58. Id. § 35(a), 15 U.S.C.S. § 1117(a) (Law. Co-op. 1991 & Supp. 1996).

59. Id. § 36, 15 U.S.C.S. § 1118 (Law. Co-op. 1991 & Supp. 1996).

60. Id. § 43(c)(2), 15 U.S.C.S. § 1125(c)(2) (Law. Co-op. 1991 & Supp. 1996).

61. Id. § 43(c)(4), 15 U.S.C.S. § 1125(c)(4) (Law. Co-op. 1991 & Supp. 1996).

62. No. C96-130WD (W.D. Wash. Feb. 9, 1996) (order granting preliminary injunction).

63. Virginia State Board of Pharmacy v. Virginia Citizens Consumer Council, Inc., 425 U.S. 748, 48 L. Ed. 2d 346, 96 S. Ct. 1817 (1976). Perhaps with some bias, J. Thomas McCarthy, author of MCCARTHY ON TRADEMARKS AND UNFAIR COMPETITION, writes that “a firm’s trademark is the most important element of commercial speech which is communicated to customers. All other elements of advertising revolve around, relate to and are symbolized by the trademark.” 3 J. THOMAS MCCARTHY, supra note 50, § 31.37[1] (citation omitted).

64. Mutual of Omaha Ins. Co. v. Novak, 648 F. Supp. 905, 231 U.S.P.Q. 963 (D.C. Neb. 1986), aff’d, 836 F.2d 397, 5 U.S.P.Q.2d 1314 (8th Cir. 1987) (use of MUTUAL OF OMAHA parody MUTANT OF OMAHA on coffee mugs and T-shirts protesting nuclear weapons); Reddy Communications, Inc. v. Environmental Action Found., Inc., 199 U.S.P.Q. 630 (D.D.C. 1977) (preliminary injunction denied), final decision denying relief, 477 F. Supp. 936, 203 U.S.P.Q. 144 (D.D.C. 1979) (use of REDDY KILOWATT trademark in booklet criticizing electric utility policies).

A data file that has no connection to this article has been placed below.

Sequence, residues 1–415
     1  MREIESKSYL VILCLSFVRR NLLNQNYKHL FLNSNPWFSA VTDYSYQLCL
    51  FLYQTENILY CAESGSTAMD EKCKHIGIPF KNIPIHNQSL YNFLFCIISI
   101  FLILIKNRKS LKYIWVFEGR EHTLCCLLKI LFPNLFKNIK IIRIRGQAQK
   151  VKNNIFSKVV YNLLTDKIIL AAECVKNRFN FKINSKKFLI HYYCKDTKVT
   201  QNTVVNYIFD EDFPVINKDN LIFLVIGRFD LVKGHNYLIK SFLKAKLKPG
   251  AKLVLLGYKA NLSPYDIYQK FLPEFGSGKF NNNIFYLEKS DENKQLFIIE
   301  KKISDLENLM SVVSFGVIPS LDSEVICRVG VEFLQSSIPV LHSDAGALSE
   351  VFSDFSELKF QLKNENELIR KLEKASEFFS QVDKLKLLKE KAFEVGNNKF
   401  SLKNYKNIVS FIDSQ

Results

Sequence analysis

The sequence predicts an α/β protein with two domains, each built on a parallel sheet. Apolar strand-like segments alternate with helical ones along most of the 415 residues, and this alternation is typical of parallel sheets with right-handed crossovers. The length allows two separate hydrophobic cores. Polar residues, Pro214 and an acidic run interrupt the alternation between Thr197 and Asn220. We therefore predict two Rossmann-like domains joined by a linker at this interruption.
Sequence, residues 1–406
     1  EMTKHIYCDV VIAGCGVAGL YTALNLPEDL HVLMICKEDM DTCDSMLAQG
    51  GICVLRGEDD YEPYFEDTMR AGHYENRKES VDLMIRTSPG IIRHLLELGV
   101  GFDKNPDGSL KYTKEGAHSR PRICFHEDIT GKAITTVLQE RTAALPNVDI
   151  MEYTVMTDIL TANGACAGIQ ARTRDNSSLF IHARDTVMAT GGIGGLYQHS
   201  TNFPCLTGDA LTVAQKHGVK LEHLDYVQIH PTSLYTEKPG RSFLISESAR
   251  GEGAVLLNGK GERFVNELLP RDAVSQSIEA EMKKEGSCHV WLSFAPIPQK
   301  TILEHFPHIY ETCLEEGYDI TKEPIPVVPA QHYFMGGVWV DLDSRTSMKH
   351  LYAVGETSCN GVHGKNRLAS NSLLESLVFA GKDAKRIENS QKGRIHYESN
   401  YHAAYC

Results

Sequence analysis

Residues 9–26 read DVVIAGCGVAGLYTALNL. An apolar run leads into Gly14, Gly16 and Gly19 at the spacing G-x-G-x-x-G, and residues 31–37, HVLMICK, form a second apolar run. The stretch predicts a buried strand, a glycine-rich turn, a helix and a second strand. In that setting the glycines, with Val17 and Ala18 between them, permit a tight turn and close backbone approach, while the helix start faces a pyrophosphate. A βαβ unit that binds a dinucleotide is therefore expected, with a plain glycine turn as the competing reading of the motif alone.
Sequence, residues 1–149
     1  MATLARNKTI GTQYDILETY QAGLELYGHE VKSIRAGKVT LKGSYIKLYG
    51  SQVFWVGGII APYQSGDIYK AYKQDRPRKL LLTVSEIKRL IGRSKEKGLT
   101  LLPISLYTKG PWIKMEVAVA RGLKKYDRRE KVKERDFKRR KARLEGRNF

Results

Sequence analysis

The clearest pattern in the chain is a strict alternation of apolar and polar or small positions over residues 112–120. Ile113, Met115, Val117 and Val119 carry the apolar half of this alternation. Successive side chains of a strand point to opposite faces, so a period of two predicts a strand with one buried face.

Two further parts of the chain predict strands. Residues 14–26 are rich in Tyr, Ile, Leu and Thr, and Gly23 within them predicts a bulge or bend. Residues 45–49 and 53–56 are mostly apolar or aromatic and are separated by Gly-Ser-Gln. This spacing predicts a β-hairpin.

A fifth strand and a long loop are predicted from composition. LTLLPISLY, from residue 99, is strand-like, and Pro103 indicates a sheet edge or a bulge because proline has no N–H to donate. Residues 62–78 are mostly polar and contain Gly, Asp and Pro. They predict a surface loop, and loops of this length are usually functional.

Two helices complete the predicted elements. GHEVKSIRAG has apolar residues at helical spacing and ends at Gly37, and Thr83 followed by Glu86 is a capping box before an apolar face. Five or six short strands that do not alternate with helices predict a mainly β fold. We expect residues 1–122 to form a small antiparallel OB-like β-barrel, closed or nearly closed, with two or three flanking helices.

65. See L.L. Bean, Inc. v. Drake Publishers, Inc., 811 F.2d 26, 1 U.S.P.Q.2d 1753 (1st Cir.), cert. denied and appeal dismissed, 483 U.S. 1013, 97 L. Ed. 2d 753, 107 S. Ct. 3254 (1987) (no other way to parody plaintiff’s product except by use of plaintiff’s trademark allowed under First Amendment).

66. Cf. Dallas Cowboys Cheerleaders, Inc. v. Pussycat Cinema, Ltd., 604 F.2d 200, 203 U.S.P.Q. 161 (2d Cir. 1979) (DALLAS COWBOYS CHEERLEADERS mark infringed by use in pornographic film; parody and satire defense also rejected).

67. Glouberman, supra note 54.

68. See Jonathan Woodward, Acme Page.

“What the heck is `@cme’?” Well, it’s a cute way of avoiding using a WB trademark. Eventually, I hope to create my own cartoon-derived universe to write in, and “@cme” may be the title under which I do so. Plans are still vague, however. It’s pronounced either “AT-mee” or “AK-mee”, depending on how close you’re standing to a WB lawyer.

Anonymous, [Humorless Company] Warranty, and the response attributed to a McDonnell Douglas company attorney.

69. These are those sites (with an acknowledgment to Levi Strauss & Co., and the advertisement for their new pant line Slates): Slate and Stale.

70. Congress made it very clear that the exemption of noncommercial use was included to “address[] legitimate First Amendment concerns espoused by the broadcasting industry and the media….” H.R. No. 104-374 (1995), reprinted in 1995 U.S.C.C.A.N. 1029, 1031, 1035.

71. L.L. Bean, Inc. v. Drake Publishers, Inc., 811 F.2d 26, 33, 1 U.S.P.Q.2d 1753 (1st Cir.), cert. denied and appeal dismissed, 483 U.S. 1013, 97 L. Ed. 2d 753, 107 S. Ct. 3254 (1987).